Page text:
Marie-Josée Ta Lou
This biography of a living person needs additional citations for verification. (January 2021) (Learn how and when to remove this template message)
Ta Lou at the 2016 Olympics
|Full name||Gonezie Marie Josée Dominique Ta Lou|
|Born||18 November 1988|
Bouaflé, Ivory Coast
|Height||1.59 m (5 ft 3 in)|
|Weight||50 kg (110 lb)|
|Coached by||Anthony Koffi|
|Achievements and titles|
|Personal best(s)||60 m – 7.02 (2019)|
100 m – 10.85 (2018, 2019)
150 m – 16.60 (2018)
200 m – 22.08 (2017)
Gonezie Marie Josée Dominique Ta Lou (born 18 November 1988) is an Ivorian athlete who specialises in sprinting events. She finished fourth in the 100 metres and 200 metres finals at the 2016 Olympic Games, missing out on a medal in the 100m by seven-thousandths of a second (0.007). She then won silver medals in the 100 metres and 200 metres at the 2017 World Championships, the latter in the national record time of 22.08 secs. Her 100 metres best is 10.85 secs (2018, 2019).
Early career: 2007–2009
Ta Lou first trained in association football and was convinced to change to sprint by her elder brother in 2008. She was voted the 2015 African Athlete of the Year by the Association of National Olympic Committees of Africa. She trained in Paris, France, and studied medicine at the Université d'Abobo-Adjamé in Abidjan.
Ta Lou's original sporting passion was football. She played at school, in the neighbourhood of Koumassi, a suburb of Abidjan. Her brother objected when a women's team tried to get her to join them, fearing that she would turn into a tomboy. Friends of his suggested that if his sister enjoyed sports, she should take up athletics, as she was already regularly beating the boys in her class in sprints. By coincidence, Florence Olonade the Ivory Coast 100 m champion in 1988, was a classmate of Ta Lou's mother, and invited Ta Lou for a trial. She beat the girls who trained under Olonade in a 200 m race, even though she was running barefoot and had not had time to prepare.
Originally, she could not train regularly, as she had to study for her high school diploma. Her mother was also against it, because she believed there was too much uncertainty in sport, particularly women's sport. She wanted Marie-Josée to become a doctor.
Ta Lou quickly progressed onto the national team.
By the end of June 2007 she was part of the Ivorian 4 × 100 m team that won bronze at the West African Championships in Cotonou, Benin. She then made the Ivorian team for the African Junior Championships in Ouagadougou, Burkina Faso. She finished last in her 100 m heat, with a time of 13.21 seconds. In September 2007, she won her first national 100 m title in a time of 12.9 seconds.
Ta Lou began studying medicine after finishing high school. In 2008, she won both the 100 m and 200 m at the national championships. She repeated this feat at the 2009 National Championships. That year, she finished seventh in the 200 m at the 2009 West African Championships in Porto-Novo, Benin, with a time of 25.67 despite a 1.8 m/s headwind. Because it was hard to combine athletics training with medical school, she switched to accounting and finance. Her coach, Florence Onolade, also made a sacrifice, sending the promising young athlete to a coach with more experience, Jeannot Kouamé, so that Ta Lou could progress further.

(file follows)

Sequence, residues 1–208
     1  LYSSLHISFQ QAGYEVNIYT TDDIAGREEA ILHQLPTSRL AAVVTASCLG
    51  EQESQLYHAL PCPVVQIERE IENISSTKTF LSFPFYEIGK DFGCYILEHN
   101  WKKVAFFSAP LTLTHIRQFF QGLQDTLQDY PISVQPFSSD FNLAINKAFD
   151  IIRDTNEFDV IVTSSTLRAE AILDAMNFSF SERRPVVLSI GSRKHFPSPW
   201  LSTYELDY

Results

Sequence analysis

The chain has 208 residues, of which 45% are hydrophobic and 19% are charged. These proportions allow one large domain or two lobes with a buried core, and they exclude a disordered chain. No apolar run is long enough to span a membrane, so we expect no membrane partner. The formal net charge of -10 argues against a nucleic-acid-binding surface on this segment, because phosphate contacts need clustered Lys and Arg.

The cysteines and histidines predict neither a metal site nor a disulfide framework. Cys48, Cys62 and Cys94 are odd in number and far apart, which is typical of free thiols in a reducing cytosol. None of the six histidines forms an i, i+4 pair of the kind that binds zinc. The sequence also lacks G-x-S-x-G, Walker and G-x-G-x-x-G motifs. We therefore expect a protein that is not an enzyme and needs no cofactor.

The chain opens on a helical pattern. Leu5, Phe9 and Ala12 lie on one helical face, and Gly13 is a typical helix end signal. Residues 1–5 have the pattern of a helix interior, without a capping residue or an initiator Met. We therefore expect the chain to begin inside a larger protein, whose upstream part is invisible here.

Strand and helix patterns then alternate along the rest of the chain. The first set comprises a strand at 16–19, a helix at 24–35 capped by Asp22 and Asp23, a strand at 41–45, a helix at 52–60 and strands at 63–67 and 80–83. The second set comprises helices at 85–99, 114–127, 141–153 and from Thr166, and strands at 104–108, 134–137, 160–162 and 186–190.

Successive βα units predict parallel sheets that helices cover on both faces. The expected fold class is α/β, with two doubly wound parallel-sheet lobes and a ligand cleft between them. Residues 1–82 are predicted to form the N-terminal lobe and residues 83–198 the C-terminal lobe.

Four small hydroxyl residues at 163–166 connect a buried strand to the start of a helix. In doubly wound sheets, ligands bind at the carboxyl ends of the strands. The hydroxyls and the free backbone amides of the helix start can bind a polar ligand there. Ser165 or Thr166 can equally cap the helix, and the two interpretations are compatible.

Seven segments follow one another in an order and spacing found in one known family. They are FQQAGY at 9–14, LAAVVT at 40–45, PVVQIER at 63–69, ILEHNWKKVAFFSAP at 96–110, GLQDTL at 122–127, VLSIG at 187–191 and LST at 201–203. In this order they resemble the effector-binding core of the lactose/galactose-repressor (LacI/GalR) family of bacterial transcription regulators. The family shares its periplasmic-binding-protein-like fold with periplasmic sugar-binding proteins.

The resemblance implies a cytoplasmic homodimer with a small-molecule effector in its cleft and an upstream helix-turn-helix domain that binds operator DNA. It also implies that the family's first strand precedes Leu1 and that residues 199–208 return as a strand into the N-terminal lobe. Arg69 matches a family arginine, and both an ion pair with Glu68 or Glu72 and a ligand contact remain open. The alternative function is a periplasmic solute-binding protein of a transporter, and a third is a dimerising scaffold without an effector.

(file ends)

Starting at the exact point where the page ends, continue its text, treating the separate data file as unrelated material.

Early rise: 2010–2013
In 2010, Ta Lou made her first impact on the international scene, finishing second place in the 100 m at the international Gabriel Tiacoh meet in Abidjan in a time of 12.10 seconds. In June 2010, she again won both the 100 m and 200 m at the national championships. She then competed in her first senior African Championships, finishing sixth in her 100 m semi-final in a time of 12.16 seconds. She also ran in the 200 m heats. At the end of that summer, she was awarded a 4-year sports scholarship in China, by the Ivory Coach Athletics Federation. Her coach, Jeannot Kouamé, had pushed her to apply for the scholarship, as he could see her potential but felt she could not fulfill it if she stayed in the Ivory Coast.
Ta Lou and national teammate Wilfried Koffi (who would become double African champion in the 100 m and 200 m in 2014) moved to Shanghai at the end of the summer. Unfortunately, the scholarship was unsuccessful because the course she wished to attend, physiotherapy, was not offered to foreign students and the only course that was offered to the scholarship students was Mandarin. Foreign athletes were also only allowed to take part in the early rounds of athletics competitions.
In 2011, in August, she took part in the World University Games in Shenzhen, China, in both the 100 m and 200 m. She lowered her personal bests to 11.87 seconds and 24.17 seconds respectively. She was also a double finalist at the All-Africa Games in Mozambique. She also set a new 100 m personal best of 11.56 seconds in the heats.
In 2012, she won a bronze at the African Championships in Porto-Novo, Benin in the 200m (23.44) and in the 4 × 100 m. She was also fourth in the individual 100 m. She set a new personal best in the semi-final, 23.26 seconds. This also meant she had achieved the B standard for the Olympic Games. She was included in the Ivorian team but was displaced when Murielle Ahouré got a time that met the A qualifying standard.
International competitions: 2013–2015
In 2013 she won the 100 and 200 m at the Gabriel Tiacoh meet in front of a home crowd in Abidjan. She competed in the World University Games in Kazan in July, reaching the semi-final in the 100 m and finishing eighth in the final of the 200 m in a time of 23.63. Her season was affected by a bout of malaria, which meant her time of 11.58 set at the Gabriel Tiacoh meet would remain her season's best. She was also struggling to combine her athletics training and her studies in Shanghai so in August, she decided to return to Ivory Coast.